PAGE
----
The Phoenix definition of biochemical failure predicts for overall survival in patients with prostate cancer


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The American Society for Therapeutic Radiology and Oncology (ASTRO) definition of biochemical failure (BF) incorporates backdating, resulting in an artificial flattening of Kaplan-Meier curves and overly favorable estimates when follow-up is short. The nadir + 2 ng/mL (Nadir + 2; Phoenix) definition reduces these artifacts. The objective of the current study was to compare ASTRO and Phoenix BF estimates as determinants of distant metastasis (DM), cause-specific mortality (CSM), and overall mortality (OM).


A total of 1831 patients with T1-4N0M0 prostate cancer were treated with external beam radiotherapy (RT) using conventional or three-dimensional conformal methods to at least 60 grays (Gy). The median follow-up was 71 months and the median RT dose was 72 Gy (range, 60–79 Gy). Cox regression models incorporating BF as a time-dependent covariate were used for both univariate and multivariate analyses. Other covariates included in the analyses were T classification, Gleason score, neoadjuvant/adjuvant androgen deprivation, age, RT dose, and pretreatment prostate-specific antigen.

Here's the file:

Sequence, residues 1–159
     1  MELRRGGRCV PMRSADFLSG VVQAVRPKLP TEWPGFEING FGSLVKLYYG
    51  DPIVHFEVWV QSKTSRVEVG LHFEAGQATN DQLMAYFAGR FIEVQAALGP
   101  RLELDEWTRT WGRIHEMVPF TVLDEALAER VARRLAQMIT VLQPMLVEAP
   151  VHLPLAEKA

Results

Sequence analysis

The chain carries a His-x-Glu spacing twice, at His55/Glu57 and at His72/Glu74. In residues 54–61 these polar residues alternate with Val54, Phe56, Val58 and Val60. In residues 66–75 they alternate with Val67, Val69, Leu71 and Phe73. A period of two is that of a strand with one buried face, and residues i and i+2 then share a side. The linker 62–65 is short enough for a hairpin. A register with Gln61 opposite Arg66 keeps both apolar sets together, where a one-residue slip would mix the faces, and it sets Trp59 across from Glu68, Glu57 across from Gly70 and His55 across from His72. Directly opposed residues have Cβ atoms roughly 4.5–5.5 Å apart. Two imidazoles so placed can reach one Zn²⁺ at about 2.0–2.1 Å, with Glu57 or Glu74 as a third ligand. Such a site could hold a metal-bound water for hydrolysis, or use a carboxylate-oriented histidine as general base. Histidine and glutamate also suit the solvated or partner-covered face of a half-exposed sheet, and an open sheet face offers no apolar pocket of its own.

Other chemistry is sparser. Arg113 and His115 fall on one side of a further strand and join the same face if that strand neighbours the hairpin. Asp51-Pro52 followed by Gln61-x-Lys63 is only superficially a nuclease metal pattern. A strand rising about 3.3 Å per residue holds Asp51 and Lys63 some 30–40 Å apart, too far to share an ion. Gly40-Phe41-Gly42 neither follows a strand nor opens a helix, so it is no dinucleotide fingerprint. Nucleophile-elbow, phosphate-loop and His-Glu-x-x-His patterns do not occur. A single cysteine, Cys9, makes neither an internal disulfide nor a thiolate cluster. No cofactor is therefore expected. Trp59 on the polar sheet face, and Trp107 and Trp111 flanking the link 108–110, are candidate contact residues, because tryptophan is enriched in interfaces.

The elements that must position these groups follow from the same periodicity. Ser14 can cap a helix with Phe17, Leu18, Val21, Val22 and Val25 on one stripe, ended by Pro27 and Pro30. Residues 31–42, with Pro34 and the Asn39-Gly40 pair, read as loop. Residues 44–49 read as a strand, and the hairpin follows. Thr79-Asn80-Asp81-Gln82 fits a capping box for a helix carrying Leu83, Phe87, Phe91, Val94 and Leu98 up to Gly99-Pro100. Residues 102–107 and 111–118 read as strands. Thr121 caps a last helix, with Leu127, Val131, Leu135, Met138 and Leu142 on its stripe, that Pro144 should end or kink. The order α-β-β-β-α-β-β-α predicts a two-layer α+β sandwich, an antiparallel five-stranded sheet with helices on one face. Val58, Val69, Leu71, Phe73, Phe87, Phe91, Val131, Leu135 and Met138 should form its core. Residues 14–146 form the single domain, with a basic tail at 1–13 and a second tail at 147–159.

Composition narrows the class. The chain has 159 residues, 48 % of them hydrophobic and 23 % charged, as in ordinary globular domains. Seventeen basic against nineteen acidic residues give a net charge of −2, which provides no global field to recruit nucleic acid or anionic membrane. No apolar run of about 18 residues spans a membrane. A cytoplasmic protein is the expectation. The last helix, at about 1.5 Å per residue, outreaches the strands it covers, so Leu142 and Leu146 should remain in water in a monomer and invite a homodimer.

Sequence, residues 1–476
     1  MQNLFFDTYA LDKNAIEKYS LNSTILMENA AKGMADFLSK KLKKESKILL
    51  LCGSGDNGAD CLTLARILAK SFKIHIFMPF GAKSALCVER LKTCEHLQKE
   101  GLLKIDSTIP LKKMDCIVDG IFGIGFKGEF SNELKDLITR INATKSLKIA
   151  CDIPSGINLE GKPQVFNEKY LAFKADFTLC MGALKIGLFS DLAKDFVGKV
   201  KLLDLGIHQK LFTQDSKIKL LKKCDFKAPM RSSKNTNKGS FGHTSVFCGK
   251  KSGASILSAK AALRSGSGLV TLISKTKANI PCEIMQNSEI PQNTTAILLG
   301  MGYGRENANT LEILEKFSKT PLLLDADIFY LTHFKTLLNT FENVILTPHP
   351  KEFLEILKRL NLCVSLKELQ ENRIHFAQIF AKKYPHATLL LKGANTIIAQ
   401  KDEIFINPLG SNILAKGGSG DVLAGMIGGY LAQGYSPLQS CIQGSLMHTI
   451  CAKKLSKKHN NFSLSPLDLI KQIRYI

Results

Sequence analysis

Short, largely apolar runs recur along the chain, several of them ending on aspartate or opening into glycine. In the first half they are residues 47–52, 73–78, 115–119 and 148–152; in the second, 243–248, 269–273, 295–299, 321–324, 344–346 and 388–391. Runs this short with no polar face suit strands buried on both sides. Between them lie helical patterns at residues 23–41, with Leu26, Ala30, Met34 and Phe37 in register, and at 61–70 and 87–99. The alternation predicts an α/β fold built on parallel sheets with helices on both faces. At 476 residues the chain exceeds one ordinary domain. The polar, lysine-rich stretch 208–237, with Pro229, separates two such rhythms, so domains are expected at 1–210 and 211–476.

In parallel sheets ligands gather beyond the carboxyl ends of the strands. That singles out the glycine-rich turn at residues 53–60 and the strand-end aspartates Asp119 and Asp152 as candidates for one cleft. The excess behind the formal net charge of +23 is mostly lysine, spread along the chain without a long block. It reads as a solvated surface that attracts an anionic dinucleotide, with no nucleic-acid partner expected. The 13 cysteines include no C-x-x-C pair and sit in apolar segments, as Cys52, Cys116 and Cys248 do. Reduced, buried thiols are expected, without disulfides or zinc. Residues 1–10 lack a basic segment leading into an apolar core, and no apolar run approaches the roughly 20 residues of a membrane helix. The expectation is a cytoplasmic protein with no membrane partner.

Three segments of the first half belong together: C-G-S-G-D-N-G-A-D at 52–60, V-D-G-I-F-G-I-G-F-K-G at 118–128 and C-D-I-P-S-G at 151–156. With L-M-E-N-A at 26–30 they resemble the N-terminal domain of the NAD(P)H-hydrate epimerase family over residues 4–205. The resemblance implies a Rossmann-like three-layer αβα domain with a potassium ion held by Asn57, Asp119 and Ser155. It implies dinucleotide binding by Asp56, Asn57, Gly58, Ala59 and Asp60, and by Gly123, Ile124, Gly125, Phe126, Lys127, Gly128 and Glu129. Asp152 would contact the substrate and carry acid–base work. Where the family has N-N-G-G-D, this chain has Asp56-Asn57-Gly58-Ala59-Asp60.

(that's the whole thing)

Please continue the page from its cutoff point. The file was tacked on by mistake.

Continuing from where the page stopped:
BF was observed in 389 men (21%) using the Phoenix definition and 460 men (25%) using the ASTRO definition. DM was observed in 84 patients (5%), 48 patients (3%) patients died of prostate cancer, and 404 patients (22%) died of any cause. The Phoenix definition of BF was found to be a significant predictor of DM, CSM, and OM, after controlling for other significant covariates. The ASTRO definition was found to be associated with CSM and DM, but not OM.


The Phoenix definition of BF is a more robust determinant of patient outcome compared with the ASTRO definition. The correlation with mortality, including OM, and the independence of this correlation from the use of neoadjuvant/adjuvant androgen deprivation, supports the use of Nadir + 2 in prostate cancer clinical trials of RT with or without androgen deprivation. Cancer 2008. © 2007 American Cancer Society.